Portsmouth Naval Shipyard in Kittery. Credit: Rich Beauchesne | Portsmouth Herald

KITTERY, Maine — U.S. Sen. Susan Collins announced Thursday the fiscal year 2019 Military Construction and Veterans Affairs Appropriations bill, including more than $162 million for Portsmouth Naval Shipyard, is headed to the president’s desk to be signed into law.

The three projects approved for the shipyard include $110 million for the Dry Dock 1 superflood basin improvement, $40 million to extend Dry Dock 1′s portal crane rail and $12 million for the Defense Logistics Agency’s consolidated warehouse condition.

According to a statement from the White House, “President Trump looks forward to signing this legislation.”

Collins, a Maine Republican, is a senior member of the Appropriations Committee and the Military Construction and Veterans Affairs Appropriations Subcommittee. The bill passed in the Senate by a vote of 92-5.

“I have long advocated for the Navy to address the modernization needs at Portsmouth Naval Shipyard, and I am pleased that the Senate approved funding for these much-needed improvements,” Collins said in a statement. “PNSY is critical to southern Maine’s economy and our national security.”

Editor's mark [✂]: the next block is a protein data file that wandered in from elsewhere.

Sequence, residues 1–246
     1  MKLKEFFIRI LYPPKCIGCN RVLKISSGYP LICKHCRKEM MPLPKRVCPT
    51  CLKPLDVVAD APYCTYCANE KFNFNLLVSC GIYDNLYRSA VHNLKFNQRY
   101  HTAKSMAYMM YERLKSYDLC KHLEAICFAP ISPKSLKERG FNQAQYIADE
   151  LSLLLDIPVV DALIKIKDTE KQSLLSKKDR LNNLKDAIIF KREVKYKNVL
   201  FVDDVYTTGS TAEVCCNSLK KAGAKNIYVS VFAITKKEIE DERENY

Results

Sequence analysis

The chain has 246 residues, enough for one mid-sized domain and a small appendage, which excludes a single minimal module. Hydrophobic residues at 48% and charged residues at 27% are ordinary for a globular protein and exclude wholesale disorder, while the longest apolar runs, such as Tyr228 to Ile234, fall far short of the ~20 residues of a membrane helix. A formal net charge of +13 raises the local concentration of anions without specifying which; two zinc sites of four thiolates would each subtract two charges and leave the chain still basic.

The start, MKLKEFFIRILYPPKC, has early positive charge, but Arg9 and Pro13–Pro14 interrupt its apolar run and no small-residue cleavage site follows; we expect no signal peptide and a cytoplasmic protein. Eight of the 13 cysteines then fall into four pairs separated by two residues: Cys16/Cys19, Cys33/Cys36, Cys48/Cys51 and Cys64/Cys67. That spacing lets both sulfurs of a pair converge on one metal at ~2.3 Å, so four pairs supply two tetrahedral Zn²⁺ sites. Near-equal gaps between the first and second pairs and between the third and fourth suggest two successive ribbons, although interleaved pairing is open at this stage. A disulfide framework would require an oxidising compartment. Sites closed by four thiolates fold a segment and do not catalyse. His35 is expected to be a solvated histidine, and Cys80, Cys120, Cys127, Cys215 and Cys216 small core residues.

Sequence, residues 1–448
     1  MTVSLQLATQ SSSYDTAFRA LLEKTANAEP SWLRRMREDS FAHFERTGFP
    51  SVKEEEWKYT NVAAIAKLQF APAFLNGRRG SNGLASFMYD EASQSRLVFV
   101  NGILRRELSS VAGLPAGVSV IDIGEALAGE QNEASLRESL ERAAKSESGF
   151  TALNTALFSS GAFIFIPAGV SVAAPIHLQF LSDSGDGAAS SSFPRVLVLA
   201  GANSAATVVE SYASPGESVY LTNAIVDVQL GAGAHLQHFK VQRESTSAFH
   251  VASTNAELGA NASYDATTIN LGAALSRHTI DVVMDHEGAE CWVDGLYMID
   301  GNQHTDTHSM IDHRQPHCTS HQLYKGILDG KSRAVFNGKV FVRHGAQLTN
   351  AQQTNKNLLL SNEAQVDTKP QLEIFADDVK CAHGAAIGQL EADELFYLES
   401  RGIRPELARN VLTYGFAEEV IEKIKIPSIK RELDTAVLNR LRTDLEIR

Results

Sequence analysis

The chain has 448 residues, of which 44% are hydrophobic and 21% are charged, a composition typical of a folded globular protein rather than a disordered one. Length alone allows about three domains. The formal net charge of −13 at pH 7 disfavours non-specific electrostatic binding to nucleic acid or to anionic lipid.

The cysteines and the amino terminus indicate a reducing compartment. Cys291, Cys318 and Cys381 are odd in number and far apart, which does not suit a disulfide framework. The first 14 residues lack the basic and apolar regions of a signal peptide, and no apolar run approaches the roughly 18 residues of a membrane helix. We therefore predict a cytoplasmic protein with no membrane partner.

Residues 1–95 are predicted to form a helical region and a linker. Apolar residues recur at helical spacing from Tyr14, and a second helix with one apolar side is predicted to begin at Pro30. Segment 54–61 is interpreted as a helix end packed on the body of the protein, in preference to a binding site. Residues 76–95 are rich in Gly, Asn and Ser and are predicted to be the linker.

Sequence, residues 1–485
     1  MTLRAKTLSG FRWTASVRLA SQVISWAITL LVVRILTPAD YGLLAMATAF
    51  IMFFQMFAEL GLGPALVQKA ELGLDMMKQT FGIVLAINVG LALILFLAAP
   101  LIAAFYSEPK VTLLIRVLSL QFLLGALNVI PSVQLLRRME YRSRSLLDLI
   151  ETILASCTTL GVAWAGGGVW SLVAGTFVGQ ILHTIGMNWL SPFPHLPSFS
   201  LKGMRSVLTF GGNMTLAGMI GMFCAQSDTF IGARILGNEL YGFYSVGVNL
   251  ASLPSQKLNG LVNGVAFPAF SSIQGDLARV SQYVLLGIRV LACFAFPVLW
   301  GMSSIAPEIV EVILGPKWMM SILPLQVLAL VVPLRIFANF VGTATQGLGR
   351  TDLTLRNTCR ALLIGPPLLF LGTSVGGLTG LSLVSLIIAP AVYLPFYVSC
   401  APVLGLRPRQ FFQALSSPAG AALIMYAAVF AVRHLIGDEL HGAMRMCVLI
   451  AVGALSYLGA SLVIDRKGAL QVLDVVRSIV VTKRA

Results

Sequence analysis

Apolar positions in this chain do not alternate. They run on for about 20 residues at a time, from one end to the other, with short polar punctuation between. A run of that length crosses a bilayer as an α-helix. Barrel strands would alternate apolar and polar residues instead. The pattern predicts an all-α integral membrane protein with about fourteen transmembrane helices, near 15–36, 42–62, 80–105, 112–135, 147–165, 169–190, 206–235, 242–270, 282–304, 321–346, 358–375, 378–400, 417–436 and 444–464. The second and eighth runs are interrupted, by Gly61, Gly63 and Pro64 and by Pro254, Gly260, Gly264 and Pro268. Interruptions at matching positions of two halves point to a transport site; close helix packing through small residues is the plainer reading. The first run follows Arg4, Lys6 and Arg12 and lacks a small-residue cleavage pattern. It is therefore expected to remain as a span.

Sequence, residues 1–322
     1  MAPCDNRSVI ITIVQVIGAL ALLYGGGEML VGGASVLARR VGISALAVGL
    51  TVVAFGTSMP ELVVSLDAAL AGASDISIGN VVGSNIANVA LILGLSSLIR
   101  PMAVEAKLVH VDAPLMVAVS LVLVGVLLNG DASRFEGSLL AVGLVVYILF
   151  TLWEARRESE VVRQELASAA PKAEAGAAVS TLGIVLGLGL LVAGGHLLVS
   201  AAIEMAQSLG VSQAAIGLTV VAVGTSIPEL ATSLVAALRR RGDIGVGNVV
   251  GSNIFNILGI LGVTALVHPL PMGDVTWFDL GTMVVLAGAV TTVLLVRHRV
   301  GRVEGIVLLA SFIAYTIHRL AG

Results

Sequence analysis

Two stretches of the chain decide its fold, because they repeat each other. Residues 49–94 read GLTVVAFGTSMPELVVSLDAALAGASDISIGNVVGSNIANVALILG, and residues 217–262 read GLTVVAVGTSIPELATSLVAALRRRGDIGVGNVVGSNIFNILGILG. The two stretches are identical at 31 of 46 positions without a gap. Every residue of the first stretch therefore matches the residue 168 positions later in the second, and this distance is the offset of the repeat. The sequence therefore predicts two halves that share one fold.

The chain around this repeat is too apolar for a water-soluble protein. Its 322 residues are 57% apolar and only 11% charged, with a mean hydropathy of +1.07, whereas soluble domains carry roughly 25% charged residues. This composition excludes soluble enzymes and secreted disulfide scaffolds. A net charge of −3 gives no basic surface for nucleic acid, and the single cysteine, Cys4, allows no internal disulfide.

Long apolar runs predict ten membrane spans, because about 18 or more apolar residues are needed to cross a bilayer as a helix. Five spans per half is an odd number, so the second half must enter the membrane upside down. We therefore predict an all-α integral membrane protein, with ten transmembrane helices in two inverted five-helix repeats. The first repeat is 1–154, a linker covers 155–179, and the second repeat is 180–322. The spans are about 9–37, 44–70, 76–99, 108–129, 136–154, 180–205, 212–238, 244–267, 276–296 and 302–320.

Credit: J. Scott Applewhite | AP

These projects are set to ensure the shipyard can efficiently dock both Los Angeles and Virginia class submarines to conduct maintenance, support the requirements to execute Los Angeles class service life extensions in years to come, and expand an outdated warehouse facility that will help the shipyard receive, inspect and distribute submarine components for worldwide fleet support.

Shipyard commander Capt. David Hunt has been out in the community recently talking about the important of the work at Dry Dock 1. The dock can now only accept the older Los Angeles class subs, which will be phased out by 2029. The other two docks have already been upgraded for the Virginia class.

The need to modernize dry docks at the nations’ four public shipyards was underscored in a Government Accountability Office report last fall. It estimated the Navy needs to spend $4 billion in the next 20 years on dry docks alone, and $20 billion overall to modernize the yards’ facilities, which it rated as “poor.”

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